Stange, disjointed and thought prevolking. An intriguing film which flits from fact to fiction, playing with reality in a very cerebral way. I found it hard to understand, especially the way the brutal reality of the Thai military is so coded and subliminated in people's consciousness; this is perhaps the true but subtle force of the film; the way it hovers over reality like an impassive angel's wings.
An interesting film that is part documentary and part look at the dilution of the power and history by the devices we can use to maintain distance while we try to relate facts and feelings to many other people. It's not a completele satisfying experience, but it's worth your time. Once.
I loved this journey. I suppose by the time it gets dark it is dusk; and dusk is the period when both light and darkness co-exist uneasily. Dusk is also that point in the day that is notoriously tricksy, when it is hard to discern precisely what one is actually seeing. So, even though this is not the original title for the film, it seems very apt for a rigorous examination of the elusiveness of truth.
Bizarre and wonderful. I loved the fact that there is no storyline. I felt I wasn’t expected to understand something but was being presented with a series of slow paced unrelated bits of stories with which I could make what I liked. Nice imagery. Not sure I agree with the description of the film on mubi but then we all interpret things differently, don’t we?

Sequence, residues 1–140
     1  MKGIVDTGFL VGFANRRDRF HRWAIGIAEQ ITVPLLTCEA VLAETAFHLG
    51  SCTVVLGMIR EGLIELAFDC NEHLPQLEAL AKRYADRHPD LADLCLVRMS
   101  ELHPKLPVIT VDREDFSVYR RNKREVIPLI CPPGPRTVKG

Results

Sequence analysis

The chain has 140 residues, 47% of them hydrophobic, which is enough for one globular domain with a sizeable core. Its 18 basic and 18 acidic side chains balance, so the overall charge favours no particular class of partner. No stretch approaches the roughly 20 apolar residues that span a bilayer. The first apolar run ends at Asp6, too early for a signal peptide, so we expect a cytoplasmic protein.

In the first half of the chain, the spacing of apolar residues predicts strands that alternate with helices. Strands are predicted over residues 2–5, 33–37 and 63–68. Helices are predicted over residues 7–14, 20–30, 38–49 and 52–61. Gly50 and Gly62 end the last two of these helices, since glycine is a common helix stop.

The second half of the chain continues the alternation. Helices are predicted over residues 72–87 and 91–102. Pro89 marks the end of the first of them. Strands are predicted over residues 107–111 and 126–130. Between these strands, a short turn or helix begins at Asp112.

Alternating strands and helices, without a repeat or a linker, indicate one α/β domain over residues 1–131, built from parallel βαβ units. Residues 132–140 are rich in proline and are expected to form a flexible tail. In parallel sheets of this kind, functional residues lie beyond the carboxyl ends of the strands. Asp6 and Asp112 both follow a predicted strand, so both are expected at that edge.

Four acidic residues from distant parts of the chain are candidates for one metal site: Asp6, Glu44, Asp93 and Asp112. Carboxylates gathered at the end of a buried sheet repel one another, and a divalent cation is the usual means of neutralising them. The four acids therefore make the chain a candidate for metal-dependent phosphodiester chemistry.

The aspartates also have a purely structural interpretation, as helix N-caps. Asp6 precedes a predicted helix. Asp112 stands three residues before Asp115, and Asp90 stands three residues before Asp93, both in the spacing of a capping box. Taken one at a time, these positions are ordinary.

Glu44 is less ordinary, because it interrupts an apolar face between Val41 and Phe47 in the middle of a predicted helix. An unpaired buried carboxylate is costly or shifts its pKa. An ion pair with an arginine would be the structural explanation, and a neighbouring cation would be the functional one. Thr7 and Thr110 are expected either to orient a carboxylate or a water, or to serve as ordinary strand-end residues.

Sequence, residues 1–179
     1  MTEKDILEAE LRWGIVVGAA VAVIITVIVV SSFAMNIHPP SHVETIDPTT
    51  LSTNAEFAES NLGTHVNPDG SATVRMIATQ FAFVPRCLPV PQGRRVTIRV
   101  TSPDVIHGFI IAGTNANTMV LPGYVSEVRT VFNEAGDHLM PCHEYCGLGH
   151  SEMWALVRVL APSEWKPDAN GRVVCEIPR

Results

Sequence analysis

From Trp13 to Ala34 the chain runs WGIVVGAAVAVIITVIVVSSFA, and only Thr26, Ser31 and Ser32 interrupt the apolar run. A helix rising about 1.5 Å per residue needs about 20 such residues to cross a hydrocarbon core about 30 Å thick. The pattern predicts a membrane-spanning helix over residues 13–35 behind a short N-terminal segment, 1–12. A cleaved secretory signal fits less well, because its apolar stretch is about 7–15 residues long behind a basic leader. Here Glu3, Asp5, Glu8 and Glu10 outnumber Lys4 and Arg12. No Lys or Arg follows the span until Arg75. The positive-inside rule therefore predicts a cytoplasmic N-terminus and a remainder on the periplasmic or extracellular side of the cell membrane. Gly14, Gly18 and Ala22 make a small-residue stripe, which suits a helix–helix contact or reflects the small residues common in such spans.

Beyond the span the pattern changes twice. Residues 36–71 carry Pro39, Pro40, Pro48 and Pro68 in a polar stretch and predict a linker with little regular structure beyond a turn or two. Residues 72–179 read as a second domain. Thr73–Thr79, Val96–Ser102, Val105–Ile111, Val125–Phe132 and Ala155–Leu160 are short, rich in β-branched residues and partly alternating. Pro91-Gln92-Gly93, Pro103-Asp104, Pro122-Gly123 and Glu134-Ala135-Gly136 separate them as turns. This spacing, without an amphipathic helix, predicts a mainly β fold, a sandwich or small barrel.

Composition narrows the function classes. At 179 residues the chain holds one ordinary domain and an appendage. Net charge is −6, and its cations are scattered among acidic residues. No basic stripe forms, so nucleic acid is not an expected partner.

BY THE TIME IT GETS DARK is almost like a new shape. It contains a great many ellipses but is not itself an ellipsis. Many works are said to evoke the kaleidoscope; this one actually does. I love how Suwichakornpong establishes parameters only to radically multiply the plane of the possible. She would appear to do so in order not only to discredit conventional practices, but for the purposes of forging new ones.
Kind of beautiful. A visual and meditative feast. Starts off very paced and then takes a turn that makes it quite philosophically intriguing. This is not really in my wheelhouse of taste, but I can appreciate the talent that has crafted this film. Some will really enjoy this piece of Thai cinema... a lot.
I would like to give the film an N/A rating, but since I can't do that I will go with three stars. Last night I was just talking to my students about bell hooks' discussion of epistemological humility and then I watched this movie. I felt like I was overhearing a heavily coded conversation for which I have no context or background knowledge about. This movie wasn't made for me, so I'm not in a position to rate it.
a fine melt between film and reality & lovely photography throughout—the pace is truly reluctant, perhaps to saturate in the moment of scenes with characters that are ultimately impermanent. (that being said, a little slow pace for me but nice for people who enjoy immersion in the moment)
This film was a film I have never experienced before. The balance between reality & film was so seamless that it allowed me to become more emotionally invested into the story than I had expected. It never felt as if it was a story being told, I felt as if I was there. The beginning especially pulled me in, and then with every other following scene, I was basically in a wild trip within the eye of many other trips.
This...this was just aggravating cinema. It's not just that it starts with an easy premise and then needlessly goes in a dozen different directions. It's not just the countless sequences of undefined characters doing boring activities. It's that it's so random and so dull, that you have little incentive or desire to engage the work and try to unravel it.